I can not tell how good it made me feel to buy coffee there. The only thing better than the story was the coffee. They really know their coffee. I had the Gisuma blend the first time and you know it was just so clean, and bright, I just could not believe it. I know a lot of people associate coffee with bitterness (amateurs) but really there is nothing like a medium roast blend of some fully washed beans. Beyond just excellent brew, Question Coffee offers coffee tastings, and coffee tours to farming cooperatives to meet growers firsthand.

And then to watch your coffee get measured, ground, and put in and hand dripped just for you really is a dream.  Shoutout to Betty who I met on my first trip to Question Coffee. She not only made my brew, she also shared the organization's story with me. (that link is a video I made of my trip to Q Coffee. You will want to watch it after you finish reading)

There are many coffee shops in Kigali. In fact the coffee at my hotel, Gorillas Golf Hotel was also amazing. There’s was the second best coffee I had.  Also had the brew at Inzora Rooftop Café at the back of the amazing Ikerezi Bookstore. I say incredible because it had so many amazing books of all genres. Honestly, the best stocked bookstore I’ve been to on the continent.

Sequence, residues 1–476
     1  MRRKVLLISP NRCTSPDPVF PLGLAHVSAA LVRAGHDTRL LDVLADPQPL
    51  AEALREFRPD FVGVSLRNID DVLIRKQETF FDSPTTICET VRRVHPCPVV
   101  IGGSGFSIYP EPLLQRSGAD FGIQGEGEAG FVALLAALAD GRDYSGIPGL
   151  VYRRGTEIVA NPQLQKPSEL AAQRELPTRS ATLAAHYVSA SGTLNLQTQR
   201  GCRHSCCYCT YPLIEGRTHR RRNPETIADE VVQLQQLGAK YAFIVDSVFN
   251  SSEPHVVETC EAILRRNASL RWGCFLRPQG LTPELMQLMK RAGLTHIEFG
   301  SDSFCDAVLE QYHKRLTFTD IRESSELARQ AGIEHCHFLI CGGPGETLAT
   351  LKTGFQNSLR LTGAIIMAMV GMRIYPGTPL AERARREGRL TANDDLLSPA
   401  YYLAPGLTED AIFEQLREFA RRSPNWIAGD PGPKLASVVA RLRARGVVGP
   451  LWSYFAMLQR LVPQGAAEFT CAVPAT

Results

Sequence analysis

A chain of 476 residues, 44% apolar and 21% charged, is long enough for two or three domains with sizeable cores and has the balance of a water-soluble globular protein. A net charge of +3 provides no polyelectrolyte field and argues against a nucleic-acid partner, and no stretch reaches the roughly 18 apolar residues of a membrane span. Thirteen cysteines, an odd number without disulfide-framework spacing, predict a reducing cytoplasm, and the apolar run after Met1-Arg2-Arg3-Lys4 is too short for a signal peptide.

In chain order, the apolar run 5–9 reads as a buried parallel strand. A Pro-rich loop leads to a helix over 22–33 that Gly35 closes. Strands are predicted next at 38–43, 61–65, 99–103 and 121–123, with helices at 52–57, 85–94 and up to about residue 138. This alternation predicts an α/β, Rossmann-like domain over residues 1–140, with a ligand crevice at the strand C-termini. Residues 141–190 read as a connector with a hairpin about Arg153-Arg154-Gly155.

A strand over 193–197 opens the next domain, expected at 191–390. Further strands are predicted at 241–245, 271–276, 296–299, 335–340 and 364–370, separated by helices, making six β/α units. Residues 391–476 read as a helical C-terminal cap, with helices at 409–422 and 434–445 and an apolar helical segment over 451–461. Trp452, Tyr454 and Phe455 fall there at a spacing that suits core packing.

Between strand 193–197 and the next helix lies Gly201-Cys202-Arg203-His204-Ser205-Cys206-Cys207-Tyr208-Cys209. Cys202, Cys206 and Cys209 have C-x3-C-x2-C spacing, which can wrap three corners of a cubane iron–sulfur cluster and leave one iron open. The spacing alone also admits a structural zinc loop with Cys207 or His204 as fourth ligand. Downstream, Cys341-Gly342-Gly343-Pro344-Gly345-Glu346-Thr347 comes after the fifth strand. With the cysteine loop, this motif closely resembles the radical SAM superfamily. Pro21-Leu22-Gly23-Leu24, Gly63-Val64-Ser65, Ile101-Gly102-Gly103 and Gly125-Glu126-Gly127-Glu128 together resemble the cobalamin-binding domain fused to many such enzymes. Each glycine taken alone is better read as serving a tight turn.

I write all this to say that yes Rwanda, yes agriculture, yes Question Coffee, yes to sustainable fair trade enterprises in Africa, and yes to coffee! 

More about Question Coffee

”In 2013, Bloomberg Philanthropies and Sustainable Harvest® partnered to create the Relationship Coffee Institute, a non-profit public benefit corporation committed to transforming the lives of rural, low-income women coffee farmers through training and market access. Question Coffee is supported by the Relationship Coffee Institute to provide a retail and training space where Rwanda's specialty coffee professionals and consumers can gather to experience the country's vibrant coffee sector.

All proceeds from Question Coffee sales fund farming trainings implemented by Relationship Coffee Institute training staff.”